Fishing fleet working 17 times harder than in 1880s to make same catch

May 04, 2010

The UK trawl fishing fleet has to work 17 times harder to catch the same amount of fish today as it did when most of its boats were powered by sail, according to new research.

Researchers from the University of York and the Marine Conservation Society (MCS) used UK Government data on the amount of fish caught and the size and number of boats involved - the fleet's fishing power - to analyse the change in since 1889.

They found that trawl fish landings peaked in 1937, 14 times higher than today, and the availability of bottom-living fish to the fleet fell by 94 per cent.

The findings are the result of a study using previously overlooked records and suggest the decline in stocks of popular fish such as cod, haddock and plaice is far more profound than previously thought.

The research is published in Nature Communications, the new online science journal from the publishers of Nature.

Ruth Thurstan, lead author of the study from the University of York's Environment Department, said: "We were astonished to discover that we landed over four times more fish into England and Wales in 1889 than we do today.

"For all its technological sophistication and raw power, today's trawl fishing fleet has far less success than its sail-powered equivalent of the late 19th century because of the sharp declines in fish abundance."

The findings suggest that the damage to fisheries is greater and has taken place over a much longer period than previously acknowledged, pre-dating developments such as the Common Fisheries Policy which are usually blamed for declining stocks.

Simon Brockington, Head of Conservation at the Marine Conservation Society and an author of the study, said: "Over a century of intensive trawl fishing has severely depleted UK seas of bottom living fish like halibut, turbot, haddock and plaice.

"It is vital that governments recognise the changes that have taken place. The reform of the Common Fisheries Policy gives an opportunity to set stock protection and recovery targets that are reflective of the historical productivity of the sea."

The study calculated 'landings of fish per unit of fishing power' (LPUP) from 1889 to 2007 to give an indication of changes in the amount of fish available for capture by the fishing fleet. In that time, LPUP declined 500 times for halibut, more than 100 times for haddock and more than 20 times for plaice, wolffish, hake and ling. Cod has declined by 87 per cent.

Professor Callum Roberts, from the University of York's Environment Department, said: "This research makes clear that the state of UK bottom fisheries - and by implication European fisheries, since the fishing grounds are shared - is far worse than even the most pessimistic of assessments currently in circulation.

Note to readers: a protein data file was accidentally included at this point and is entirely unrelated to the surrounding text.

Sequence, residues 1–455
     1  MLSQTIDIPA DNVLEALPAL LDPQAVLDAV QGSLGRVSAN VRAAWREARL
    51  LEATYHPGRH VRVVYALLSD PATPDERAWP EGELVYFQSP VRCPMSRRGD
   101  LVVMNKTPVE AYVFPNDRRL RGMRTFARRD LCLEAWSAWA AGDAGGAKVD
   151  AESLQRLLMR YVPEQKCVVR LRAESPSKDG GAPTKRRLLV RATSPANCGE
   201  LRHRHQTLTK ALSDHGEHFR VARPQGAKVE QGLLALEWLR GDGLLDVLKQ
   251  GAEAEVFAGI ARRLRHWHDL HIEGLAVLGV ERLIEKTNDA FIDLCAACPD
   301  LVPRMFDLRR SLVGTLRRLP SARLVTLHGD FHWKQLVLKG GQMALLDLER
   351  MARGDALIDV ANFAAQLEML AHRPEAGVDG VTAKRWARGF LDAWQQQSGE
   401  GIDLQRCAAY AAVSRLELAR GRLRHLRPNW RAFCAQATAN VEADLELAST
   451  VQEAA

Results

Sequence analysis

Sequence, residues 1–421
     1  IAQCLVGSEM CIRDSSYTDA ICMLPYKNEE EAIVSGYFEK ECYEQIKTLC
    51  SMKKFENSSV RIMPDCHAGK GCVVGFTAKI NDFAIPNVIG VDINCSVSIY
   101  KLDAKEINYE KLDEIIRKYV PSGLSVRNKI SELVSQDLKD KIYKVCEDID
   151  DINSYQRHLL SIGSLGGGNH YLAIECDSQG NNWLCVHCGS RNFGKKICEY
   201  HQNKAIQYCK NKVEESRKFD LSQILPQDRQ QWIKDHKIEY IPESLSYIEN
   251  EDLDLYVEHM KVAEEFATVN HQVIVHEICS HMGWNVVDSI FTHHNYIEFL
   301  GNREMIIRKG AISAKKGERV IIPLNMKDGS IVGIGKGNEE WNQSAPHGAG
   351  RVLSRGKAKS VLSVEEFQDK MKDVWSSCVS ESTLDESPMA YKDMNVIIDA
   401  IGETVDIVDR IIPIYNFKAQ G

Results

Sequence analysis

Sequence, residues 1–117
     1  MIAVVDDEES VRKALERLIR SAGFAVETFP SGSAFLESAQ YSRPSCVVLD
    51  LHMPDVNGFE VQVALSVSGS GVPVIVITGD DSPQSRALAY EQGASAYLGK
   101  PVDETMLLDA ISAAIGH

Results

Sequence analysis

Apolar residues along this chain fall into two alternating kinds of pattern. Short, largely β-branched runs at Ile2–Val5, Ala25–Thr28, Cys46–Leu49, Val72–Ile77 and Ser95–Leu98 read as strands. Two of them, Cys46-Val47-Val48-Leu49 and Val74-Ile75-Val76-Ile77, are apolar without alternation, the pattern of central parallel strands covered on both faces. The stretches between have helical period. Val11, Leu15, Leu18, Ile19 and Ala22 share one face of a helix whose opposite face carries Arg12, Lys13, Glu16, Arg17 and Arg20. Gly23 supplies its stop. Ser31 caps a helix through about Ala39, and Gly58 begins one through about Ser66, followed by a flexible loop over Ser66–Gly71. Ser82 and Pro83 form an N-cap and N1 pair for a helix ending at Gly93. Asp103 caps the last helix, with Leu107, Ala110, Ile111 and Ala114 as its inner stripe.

"European fish stock assessments, and the management targets based on them, go back only 20 to 40 years. These results should supply an important corrective to the short-termism inherent in management today."

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Provided by University of York

4.2 /5 (11 votes)

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User comments : 5

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Skeptic_Heretic
4 / 5 (4) May 04, 2010
It's time to start treating all natural resources as farmable, including fish. Leave the wild ones be and create industrial fisheries, just do it properly and try not to bang up the local environments.
baudrunner
2.6 / 5 (5) May 04, 2010
That's right, point the finger at the U.K. They don't even have a constitution - "partly statutes, partly common law and practice", according to the CIA World Factbook. That's so that some people can get away with murder. Murder of the fishes is just one example.

It's a tragedy world-wide, and no-one wants to address the problem where it starts - with the fishermen! We could always eat tofu or soyfish! Oh, what the heck, let them eat their bottom-feeders. It'll all come back at them through their free health-care system when they all come down with heavy metal poisoning.

Ravenrant
3.7 / 5 (3) May 04, 2010
And the stupid monkeys will keep eating fish until it's gone.
Eric_B
3 / 5 (2) May 04, 2010
Here in and around Chicago, the Midwest US of A, we have 14% of the world's drinkable freshwater which we are only recently discovering is a resource worth protecting.

There used to be "too much" fish in lake Michigan so we overfished them so as to have nice beaches that weren't smelly with dead fish. Tourists don't like that.

Here is an article about how we treated our sturgeon fish for your digestion, http://www.miseag...eon.html
jsa09
not rated yet May 05, 2010
Over fishing in this location is just a symptom of the world wide overfishing in every country and between.

Farming the sea which is on the increase will continue to increase and wild populations of fish will face the same problems as wild populations on land.

This will lead to widespread extinction and otherwise vast reductions in habitat.

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